BMI View: The outlook for Greek ports and shipping has deteriorated since our last quarterly report, as the government engages in brinkmanship over its debt negotiations and sends confusing signals over the fate of the port privatisation programme. That said, Greek seaports and Piraeus in particular, are to some extent protected by their role as regional gateways, linked to European transit trade demand. We have become more pessimistic over throughput at Piraeus, but we still see positive growth both there and at Thessaloniki.
Since our last quarterly report the economic outlook for Greece has darkened. We have lowered our prediction for GDP growth in 2015 to 0.5% (down from 1.2% previously), which implies that the country's recovery (0.8% growth in 2014 after six years of recession) is beginning to waver. The problem, we believe, is that the new left-wing Syriza government is pursuing a policy of tactical brinkmanship over the country's debt negotiations with the main creditors, threatening radical moves and then backing down at the last moment. Whether this will succeed in gaining concessions is not clear, but it does seem to be rattling consumer and business confidence.
Economic sentiment peaked around August 2014 and has been trending down since. Retail sales peaked around October and have also been falling. Private consumption has been the main driver of the so-far modest economic revival, so the instability is taking a toll. In addition, an erratic policy on privatisation has worried investors and there is a growing liquidity crunch in the banking sector. However, we see only around a 25% chance of negotiations breaking down completely and leading to Greece leaving the eurozone in 2015. For the moment our core forecast is one of very low growth.
Headline Industry Data
In 2015 tonnage throughput at the port of Piraeus is forecast to grow 1.1% to 14.145mn tonnes; over the medium term to 2019 we project average annual growth of 2.9%.
2015 port of Piraeus container throughput forecast to grow 10.0% to 4.124mn twenty-foot equivalent units (TEUs); over the medium term, we project annual average growth of 11.0%.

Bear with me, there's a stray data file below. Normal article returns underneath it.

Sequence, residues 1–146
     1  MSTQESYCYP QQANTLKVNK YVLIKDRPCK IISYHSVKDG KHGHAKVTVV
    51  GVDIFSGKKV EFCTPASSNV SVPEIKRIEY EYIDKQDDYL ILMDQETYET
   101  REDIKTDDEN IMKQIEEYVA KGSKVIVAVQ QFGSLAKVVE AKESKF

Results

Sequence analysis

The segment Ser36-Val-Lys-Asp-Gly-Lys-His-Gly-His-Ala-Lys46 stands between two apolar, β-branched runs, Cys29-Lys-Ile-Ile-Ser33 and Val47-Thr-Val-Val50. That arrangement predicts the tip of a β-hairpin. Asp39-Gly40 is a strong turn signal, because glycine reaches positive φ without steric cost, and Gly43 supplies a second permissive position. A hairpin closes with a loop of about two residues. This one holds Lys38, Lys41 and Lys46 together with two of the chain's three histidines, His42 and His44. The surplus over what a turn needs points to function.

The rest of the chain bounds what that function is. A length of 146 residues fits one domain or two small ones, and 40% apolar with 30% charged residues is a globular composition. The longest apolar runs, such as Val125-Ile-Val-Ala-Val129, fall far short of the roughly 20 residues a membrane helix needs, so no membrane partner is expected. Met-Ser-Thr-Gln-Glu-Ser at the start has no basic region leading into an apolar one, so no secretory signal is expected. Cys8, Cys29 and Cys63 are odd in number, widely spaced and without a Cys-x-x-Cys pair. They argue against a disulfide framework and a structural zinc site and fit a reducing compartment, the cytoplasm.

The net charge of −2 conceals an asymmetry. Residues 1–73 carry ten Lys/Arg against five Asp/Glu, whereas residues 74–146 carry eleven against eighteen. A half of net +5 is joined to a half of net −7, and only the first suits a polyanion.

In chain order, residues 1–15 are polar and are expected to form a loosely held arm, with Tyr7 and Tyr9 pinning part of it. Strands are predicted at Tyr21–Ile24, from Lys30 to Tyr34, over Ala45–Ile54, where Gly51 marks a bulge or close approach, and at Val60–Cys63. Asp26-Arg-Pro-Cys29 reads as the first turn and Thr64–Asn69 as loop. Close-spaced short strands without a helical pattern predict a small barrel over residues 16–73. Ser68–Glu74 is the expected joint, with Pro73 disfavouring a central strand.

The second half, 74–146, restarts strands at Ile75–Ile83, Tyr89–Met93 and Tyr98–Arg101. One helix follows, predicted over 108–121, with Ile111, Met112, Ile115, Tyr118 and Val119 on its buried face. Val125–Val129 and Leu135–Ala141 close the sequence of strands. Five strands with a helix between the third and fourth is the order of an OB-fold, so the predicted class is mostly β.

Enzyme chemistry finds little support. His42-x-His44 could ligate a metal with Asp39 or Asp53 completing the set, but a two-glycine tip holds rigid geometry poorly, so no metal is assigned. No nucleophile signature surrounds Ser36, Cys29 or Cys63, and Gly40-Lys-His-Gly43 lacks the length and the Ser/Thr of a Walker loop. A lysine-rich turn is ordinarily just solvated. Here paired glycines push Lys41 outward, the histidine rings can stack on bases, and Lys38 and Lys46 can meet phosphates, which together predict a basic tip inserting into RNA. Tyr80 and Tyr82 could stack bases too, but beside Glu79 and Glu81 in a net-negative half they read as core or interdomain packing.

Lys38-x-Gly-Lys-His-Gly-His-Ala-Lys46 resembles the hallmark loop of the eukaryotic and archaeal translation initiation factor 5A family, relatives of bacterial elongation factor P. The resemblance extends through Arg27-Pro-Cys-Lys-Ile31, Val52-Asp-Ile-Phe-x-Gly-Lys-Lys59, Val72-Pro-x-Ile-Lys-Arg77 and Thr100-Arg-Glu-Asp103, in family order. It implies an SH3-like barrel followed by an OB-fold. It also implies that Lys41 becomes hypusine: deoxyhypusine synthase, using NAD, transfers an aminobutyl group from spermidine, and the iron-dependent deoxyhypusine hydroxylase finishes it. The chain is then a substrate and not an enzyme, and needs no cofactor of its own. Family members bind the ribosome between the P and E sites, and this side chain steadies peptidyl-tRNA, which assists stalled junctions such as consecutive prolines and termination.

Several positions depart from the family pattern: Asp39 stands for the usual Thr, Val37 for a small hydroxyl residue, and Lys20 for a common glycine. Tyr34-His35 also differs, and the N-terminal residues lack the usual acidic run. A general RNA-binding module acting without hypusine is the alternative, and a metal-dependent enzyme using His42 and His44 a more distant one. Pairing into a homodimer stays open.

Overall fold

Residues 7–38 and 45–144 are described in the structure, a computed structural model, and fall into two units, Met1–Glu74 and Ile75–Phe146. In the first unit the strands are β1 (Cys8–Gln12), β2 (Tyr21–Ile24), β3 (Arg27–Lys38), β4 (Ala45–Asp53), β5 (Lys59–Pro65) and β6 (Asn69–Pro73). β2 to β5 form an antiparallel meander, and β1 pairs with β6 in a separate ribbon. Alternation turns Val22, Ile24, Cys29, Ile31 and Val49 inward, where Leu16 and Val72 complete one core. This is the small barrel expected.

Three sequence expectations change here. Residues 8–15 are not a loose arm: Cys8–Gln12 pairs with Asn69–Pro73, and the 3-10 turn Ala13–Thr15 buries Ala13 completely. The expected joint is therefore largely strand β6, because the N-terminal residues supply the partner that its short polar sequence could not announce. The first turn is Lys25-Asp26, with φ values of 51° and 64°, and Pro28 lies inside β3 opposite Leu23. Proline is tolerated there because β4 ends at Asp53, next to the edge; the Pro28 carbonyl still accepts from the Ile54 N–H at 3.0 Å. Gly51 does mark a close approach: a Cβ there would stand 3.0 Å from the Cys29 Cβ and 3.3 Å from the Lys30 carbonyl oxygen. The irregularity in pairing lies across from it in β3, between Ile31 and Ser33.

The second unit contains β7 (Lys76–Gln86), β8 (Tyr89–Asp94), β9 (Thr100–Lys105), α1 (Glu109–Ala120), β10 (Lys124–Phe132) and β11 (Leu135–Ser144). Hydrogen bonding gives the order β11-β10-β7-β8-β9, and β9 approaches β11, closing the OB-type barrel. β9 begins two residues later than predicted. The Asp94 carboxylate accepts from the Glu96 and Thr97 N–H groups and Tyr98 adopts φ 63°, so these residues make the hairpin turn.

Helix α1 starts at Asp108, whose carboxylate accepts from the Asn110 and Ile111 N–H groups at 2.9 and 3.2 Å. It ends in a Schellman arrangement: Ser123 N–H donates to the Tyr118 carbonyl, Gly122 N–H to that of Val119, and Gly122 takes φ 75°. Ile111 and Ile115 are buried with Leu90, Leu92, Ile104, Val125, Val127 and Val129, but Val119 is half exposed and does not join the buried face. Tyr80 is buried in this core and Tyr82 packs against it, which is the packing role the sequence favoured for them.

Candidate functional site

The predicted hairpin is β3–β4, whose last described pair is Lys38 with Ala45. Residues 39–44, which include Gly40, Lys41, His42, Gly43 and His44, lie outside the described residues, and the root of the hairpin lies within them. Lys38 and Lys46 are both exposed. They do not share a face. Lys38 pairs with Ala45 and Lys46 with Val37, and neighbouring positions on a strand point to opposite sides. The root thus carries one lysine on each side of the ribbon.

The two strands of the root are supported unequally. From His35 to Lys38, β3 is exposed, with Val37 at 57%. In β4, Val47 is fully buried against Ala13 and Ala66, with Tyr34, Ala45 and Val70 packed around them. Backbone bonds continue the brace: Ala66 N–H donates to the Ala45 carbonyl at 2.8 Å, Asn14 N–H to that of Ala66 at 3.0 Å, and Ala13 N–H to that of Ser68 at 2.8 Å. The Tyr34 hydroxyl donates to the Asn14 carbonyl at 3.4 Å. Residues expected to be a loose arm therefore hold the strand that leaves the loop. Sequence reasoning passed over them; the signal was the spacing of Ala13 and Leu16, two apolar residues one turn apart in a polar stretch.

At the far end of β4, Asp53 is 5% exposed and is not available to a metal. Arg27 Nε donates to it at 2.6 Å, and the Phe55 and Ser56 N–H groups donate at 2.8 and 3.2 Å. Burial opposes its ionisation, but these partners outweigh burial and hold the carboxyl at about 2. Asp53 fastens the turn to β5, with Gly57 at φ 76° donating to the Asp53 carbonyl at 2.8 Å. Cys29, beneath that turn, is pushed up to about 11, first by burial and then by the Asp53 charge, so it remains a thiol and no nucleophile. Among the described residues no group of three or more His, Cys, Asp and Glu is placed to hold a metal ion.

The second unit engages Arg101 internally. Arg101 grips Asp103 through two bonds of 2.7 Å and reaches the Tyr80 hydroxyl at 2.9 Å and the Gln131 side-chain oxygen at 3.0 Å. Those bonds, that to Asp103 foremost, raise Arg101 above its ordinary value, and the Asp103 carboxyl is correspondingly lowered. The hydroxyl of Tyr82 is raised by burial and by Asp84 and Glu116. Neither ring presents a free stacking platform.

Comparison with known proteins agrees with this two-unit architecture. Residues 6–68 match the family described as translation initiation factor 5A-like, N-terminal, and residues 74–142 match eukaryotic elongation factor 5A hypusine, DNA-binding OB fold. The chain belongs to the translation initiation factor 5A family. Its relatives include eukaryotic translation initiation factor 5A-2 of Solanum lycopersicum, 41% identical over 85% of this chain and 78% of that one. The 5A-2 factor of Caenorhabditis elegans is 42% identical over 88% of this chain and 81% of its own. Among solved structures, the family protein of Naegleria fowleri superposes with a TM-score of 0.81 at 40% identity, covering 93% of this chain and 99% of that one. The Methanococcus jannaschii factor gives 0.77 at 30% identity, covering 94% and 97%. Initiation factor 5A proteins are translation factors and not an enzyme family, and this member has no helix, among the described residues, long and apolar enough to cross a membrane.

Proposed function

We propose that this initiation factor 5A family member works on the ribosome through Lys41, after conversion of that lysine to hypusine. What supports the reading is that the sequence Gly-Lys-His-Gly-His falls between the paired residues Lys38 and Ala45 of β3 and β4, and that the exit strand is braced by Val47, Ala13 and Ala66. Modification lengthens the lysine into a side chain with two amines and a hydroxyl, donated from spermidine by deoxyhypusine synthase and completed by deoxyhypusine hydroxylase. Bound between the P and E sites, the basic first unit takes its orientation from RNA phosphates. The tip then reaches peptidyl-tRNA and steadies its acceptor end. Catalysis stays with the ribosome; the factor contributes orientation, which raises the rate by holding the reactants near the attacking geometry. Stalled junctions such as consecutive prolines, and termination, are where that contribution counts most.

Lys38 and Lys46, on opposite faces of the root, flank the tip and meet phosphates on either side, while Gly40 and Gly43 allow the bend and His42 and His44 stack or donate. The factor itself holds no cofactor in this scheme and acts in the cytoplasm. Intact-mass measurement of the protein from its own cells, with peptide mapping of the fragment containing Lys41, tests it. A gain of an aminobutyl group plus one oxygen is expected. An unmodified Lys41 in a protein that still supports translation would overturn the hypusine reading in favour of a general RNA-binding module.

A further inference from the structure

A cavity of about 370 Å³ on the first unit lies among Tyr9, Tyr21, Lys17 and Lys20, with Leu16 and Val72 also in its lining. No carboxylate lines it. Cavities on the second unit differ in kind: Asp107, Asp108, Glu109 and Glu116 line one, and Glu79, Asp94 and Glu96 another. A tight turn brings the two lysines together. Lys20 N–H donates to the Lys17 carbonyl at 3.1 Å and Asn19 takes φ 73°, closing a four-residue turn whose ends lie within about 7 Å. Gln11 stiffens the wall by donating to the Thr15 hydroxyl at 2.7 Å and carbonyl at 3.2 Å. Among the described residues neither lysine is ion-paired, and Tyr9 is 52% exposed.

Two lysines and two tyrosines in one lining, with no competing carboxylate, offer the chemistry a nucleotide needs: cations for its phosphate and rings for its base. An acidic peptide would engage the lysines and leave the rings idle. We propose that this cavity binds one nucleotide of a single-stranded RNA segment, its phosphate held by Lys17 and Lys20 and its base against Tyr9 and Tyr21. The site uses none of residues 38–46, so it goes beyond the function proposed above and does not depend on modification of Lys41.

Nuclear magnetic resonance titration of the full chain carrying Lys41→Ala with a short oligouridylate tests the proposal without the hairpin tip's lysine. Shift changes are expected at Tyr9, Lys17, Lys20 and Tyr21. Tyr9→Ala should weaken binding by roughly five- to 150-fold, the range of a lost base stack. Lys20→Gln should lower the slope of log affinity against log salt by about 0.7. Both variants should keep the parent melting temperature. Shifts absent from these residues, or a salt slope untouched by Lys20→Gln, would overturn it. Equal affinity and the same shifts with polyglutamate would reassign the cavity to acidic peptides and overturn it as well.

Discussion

Port of Thessaloniki tonnage is forecast to grow 2.1% to 14.71mn tonnes in 2015, and average an annual expansion of 3.0% through to 2019.
Port of Thessaloniki box traffic is forecast to gain 5.6% in 2015 to 369,086TEUs, and to average 5.7% annual growth up to 2019.
2015 total trade growth forecast at 3.5%, up from an estimated 0.35% in 2014.
Key Industry Trends
No But Yes On Privatisation: The Syriza government's policy on the privatisation of key ports and other transport facilities remains unclear. Formally, privatisation plans are under review. In January 2015 alternate minister for shipping and the Aegean Thodoris Dritsas had said the proposal to divest a 67% stake in the Port of Piraeus Authority (PPA) was being blocked. But in March Deputy Prime Minister Yannis Dragasakis, on a visit to China, said that Chinese firm COSCO Pacific, which already operates two terminals at the PPA, was an 'active participant' in the privatisation process and had made a 'very competitive' offer.
Yang Ming Announces Piraeus Plans: Taiwan's Yang Ming Lines said in May 2015 that it had agreed to use the COSCO Pacific-operated Piraeus Container Terminal (PCT) as a hub for feeder services to the Mediterranean and the Black Sea. Arkas Hellas, which represents the Taiwanese company, said a Yang Ming ship with 14,000TEU capacity had arrived at PCT and would be the first of 15 cargo ships to use the route. According to Arkas Hellas there will be four departures and arrivals a week to the most important ports of the Far East and two arrivals and departures to the biggest north European ports. At the end of May smaller Yang Ming ships were set to start using Thessaloniki to serve the transport needs of northern Greece as well as of the Balkan region.
Diana Shipping in Deal With Glencore Grain: Greece-based ocean freight services provider Diana Shipping, via a subsidiary, has signed a time charter contract with Netherlands-based Glencore Grain Rotterdam for one of its panamax dry bulk vessels, the M/V Melite, reported PortNews. The gross charter rate is USD7,250 a day, excluding a 5% commission paid to third parties, for a minimum period of eight months to a maximum of 12 months. The charter was scheduled to start on January 30 2015 and was expected to generate around USD1.74mn in gross revenue during the minimum period.
Risks To Outlook
Although the Greek shipping and ports sector has been relatively protected, given the uncertainty over the country's finances and the policies of the new government, risks to our outlook for the economy are substantial and weighted heavily to the downside. It is possible that Greece could be stuck in recession in 2015. However, our core view remains that Greece and its main creditors will come to an agreement on renegotiating the country's debt load, although the changes will be relatively limited (most likely extended debt maturities). Markets will remain extremely volatile in the meantime.